But then I am reminded that God is patient. He has made me in His image. He loves me. He wants me. I am enough for Him. Even the parts of me that annoy or bother other people will never push Him away. I might not talk a lot, but He talks to me daily. I may worry about the future, but He has my future in His hands. I may feel completely worthless, but I mean the world to Him. He had me in mind from the very beginning and was patient enough to craft me exactly how He deemed good, so He is patient enough for me to find Him continually throughout each and every day.
So though the spirit of fear and worry is not something that God wants us to have in our lives, don't write it off as the worst thing just yet. Should we let it consume us? No. Do we need to recognize that it is something Christ wants us to fight? Yes. Will it be easy? No. Will it make us feel completely worthless and helpless more than we'd like? Most definitely. But, that is where the beauty of the gospel and power of Christ can intervene. Jesus uses the broken and unworthy. As we battle daily in the name of the Lord, we grow in Him. But it has to be a battle. When we let it completely consume us and simply accept it is where the devil will be able to attack at full force. Don't give him the upper hand. Christ is worth fighting for. Therefore, you are worth fighting for.God will never let a moment of pain or anguish go to waste for His children, just like the cross was not and never will be a waste.
I do not cry.
I am not strong, nor do I aspire to be.
I do not cry.
Tears may be shed at every occasion, but my eyes remain dry. Every voice tells me to cry, but I can't.
When I need the tears most, where are they? Lost in a past life so that they abandon me now.
Does my empathy seem void? Doesn't it please you? I feel sadness with no tears to prove it.
I retreat to my rocking chair beside my window as rain comes to my aid.
While my eyes ache with dryness, the rain cries for me. It calms me.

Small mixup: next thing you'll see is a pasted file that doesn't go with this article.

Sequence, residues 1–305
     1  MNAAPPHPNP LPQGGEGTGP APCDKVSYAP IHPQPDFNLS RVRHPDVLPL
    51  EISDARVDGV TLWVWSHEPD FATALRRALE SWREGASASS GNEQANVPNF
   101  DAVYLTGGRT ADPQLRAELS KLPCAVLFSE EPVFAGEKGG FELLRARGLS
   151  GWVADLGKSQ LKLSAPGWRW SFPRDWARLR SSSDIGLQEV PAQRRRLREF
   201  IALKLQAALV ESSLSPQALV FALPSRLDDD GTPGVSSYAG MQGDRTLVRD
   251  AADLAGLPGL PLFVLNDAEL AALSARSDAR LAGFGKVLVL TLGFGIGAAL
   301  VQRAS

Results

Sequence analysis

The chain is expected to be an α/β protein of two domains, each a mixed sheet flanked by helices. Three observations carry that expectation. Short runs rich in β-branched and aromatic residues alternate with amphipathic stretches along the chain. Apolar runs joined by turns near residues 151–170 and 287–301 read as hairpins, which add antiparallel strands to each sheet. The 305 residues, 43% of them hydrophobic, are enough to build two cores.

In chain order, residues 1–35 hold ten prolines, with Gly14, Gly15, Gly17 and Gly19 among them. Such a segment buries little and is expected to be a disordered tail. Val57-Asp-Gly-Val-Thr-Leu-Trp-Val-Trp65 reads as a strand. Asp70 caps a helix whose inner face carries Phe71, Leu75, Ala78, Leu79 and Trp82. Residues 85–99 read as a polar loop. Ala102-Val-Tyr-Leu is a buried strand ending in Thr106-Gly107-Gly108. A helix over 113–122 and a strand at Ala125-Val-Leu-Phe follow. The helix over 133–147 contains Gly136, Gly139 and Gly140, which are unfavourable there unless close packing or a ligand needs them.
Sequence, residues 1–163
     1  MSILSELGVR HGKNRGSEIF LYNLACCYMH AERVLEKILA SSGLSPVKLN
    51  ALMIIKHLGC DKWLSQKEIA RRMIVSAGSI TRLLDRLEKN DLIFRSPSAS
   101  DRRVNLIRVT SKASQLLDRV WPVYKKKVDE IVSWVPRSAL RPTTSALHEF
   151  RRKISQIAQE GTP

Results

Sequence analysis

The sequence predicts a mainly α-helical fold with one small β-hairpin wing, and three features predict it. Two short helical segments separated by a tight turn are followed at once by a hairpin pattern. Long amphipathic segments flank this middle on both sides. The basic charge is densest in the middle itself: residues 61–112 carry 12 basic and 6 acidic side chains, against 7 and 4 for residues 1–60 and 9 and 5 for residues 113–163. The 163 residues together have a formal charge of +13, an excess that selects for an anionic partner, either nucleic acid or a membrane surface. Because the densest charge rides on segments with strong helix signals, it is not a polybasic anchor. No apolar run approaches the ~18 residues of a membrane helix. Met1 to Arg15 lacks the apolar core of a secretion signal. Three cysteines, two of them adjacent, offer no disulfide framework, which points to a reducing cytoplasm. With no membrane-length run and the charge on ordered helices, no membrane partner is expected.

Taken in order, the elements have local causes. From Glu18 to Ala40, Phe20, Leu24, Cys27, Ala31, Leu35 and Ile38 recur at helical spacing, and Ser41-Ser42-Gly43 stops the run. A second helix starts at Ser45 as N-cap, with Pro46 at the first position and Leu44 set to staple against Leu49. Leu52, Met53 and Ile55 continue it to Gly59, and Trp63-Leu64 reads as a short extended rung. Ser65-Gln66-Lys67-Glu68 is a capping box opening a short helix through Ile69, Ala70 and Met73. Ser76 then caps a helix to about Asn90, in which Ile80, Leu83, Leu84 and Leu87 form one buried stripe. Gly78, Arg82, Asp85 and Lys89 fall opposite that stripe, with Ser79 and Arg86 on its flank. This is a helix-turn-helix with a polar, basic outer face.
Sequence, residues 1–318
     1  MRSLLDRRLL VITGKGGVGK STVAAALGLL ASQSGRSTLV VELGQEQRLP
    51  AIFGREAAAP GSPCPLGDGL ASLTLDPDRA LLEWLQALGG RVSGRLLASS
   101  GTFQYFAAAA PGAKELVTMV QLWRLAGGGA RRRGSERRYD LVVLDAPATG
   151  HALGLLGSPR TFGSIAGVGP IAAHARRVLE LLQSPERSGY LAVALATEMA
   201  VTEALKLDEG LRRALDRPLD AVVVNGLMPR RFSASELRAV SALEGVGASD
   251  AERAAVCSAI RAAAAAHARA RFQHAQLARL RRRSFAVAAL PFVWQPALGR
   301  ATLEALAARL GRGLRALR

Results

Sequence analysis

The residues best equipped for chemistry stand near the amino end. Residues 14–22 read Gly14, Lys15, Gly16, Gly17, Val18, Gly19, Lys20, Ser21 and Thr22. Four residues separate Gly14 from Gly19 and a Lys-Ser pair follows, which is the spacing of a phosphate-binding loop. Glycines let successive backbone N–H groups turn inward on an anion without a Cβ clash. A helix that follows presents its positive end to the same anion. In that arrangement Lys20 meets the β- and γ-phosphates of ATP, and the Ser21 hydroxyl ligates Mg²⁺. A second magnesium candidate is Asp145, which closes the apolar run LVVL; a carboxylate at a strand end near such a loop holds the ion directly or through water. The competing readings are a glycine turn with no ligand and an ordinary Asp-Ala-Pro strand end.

Raindrops drip from the leaves and trees. They cry as well. They cry for me because I cannot.
And it is truly beautiful.
I traveled to the motherland for a few weeks and here's what I thought.
India is a crazy place to travel to. There are crazy amounts of people everywhere, poverty beyond belief, and a difficult language barrier for most. This isn't my first time going to India, but the most eye-opening trip by far. In past trips, they have been surrounded around exciting weddings or strictly to visit family in various cities. I dragged a friend along with me this trip to visit Hyderabad, Jaipur, Mumbai, and various random destinations for tourism, and she too got to see all of the amazing aspects of India.
One eye-opening experience for me was going from Jaipur to Agra, the city where the Taj Mahal is. Agra is in Utter Pradesh, or UP. This state is not only the most populated state in all of India, but also one of the most corrupt, as those two are correlated. Regardless, as we drove through it, there were crazy amounts of poverty, alongside the main road. People filled the streets, vendors of all sorts trying to sell tokens, combined with broken roads, made it impossible to travel along. It took about 30 minutes to move about 2 kilometers or roughly 1.2 miles. But there's the light at the end of the tunnel, and the Taj Mahal was breathtaking. The pristine marble, the detail, the grand stature of it, the beauty is inexplicable. Yet, the two contrasting scenes, the devastating poverty and the regal world wonder, are crazy. How India can have such extremes within minutes of each other.